Terror in the air?

April 6, 2017—Today marks the 100th anniversary of the United States’ entry in what would later be called World War I. By this date, the war had already raged in Europe for three years. Today, it’s remembered most of all for its sheer brutality, a lethal combination of trench and chemical warfare that crushed both military and civilian populations under the destructive march of army boots.

Arguably, at least one positive thing came from the war: outrage over the use of chemicals weapons, which led to the 1925 Geneva Protocol treaty that banned their use in international armed conflicts. This week’s news, however, of yet another chlorine gas attack by the Syrian government on its people has proved a ghastly reminder of many things, not least of all the Great War.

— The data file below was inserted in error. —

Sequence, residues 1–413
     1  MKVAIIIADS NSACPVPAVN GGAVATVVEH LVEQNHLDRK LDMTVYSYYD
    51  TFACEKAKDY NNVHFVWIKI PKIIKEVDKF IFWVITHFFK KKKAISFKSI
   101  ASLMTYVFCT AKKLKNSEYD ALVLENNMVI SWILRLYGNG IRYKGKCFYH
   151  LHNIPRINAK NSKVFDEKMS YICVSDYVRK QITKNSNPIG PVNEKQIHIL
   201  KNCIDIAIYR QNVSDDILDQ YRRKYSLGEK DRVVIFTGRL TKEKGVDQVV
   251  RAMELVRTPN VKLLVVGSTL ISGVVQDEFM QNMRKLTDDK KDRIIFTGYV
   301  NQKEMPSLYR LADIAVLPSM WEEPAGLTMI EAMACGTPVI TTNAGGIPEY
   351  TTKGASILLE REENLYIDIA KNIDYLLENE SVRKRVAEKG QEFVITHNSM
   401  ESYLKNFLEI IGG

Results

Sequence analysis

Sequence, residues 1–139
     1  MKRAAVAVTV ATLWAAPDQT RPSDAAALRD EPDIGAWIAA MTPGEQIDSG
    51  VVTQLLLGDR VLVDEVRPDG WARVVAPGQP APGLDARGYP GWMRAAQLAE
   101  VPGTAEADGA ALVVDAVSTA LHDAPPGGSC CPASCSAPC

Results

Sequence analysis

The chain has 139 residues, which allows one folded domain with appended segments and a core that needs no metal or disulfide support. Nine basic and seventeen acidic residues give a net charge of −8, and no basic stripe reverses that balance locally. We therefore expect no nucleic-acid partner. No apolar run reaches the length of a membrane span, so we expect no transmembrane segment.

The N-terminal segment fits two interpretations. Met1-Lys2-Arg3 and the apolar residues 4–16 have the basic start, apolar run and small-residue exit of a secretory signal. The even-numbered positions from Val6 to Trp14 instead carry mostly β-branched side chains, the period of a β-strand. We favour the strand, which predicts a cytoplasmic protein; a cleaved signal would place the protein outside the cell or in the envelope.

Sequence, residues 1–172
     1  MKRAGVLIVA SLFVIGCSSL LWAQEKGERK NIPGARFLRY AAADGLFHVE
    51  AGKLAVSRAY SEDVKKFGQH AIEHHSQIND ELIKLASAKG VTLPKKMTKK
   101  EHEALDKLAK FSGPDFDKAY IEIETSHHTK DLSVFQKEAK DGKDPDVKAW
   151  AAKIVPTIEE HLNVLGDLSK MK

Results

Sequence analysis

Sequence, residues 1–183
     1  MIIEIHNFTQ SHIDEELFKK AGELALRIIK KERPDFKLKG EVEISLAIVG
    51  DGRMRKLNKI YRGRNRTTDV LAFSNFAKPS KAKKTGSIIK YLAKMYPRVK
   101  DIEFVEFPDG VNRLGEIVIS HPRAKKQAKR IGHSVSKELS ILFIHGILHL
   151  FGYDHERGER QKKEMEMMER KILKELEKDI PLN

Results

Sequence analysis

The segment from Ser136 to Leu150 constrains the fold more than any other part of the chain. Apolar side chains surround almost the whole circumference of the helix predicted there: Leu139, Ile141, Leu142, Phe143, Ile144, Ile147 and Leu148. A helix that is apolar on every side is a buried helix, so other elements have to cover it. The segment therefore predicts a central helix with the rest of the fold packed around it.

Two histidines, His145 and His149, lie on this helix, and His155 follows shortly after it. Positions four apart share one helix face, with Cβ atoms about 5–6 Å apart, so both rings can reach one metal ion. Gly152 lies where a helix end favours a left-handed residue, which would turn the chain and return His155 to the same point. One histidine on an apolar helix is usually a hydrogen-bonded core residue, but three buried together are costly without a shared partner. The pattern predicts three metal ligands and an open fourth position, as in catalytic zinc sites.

Image credit: Ghirh Sy/European Pressphoto Agency

Source: The Associated Press, “Over There, but Still Here: WWI Innovations Live On,” The New York Times, April 6, 2017; Russell Goldman, “Assad’s History of Chemical Attacks, and Other Atrocities,” The New York Times, April 5, 2017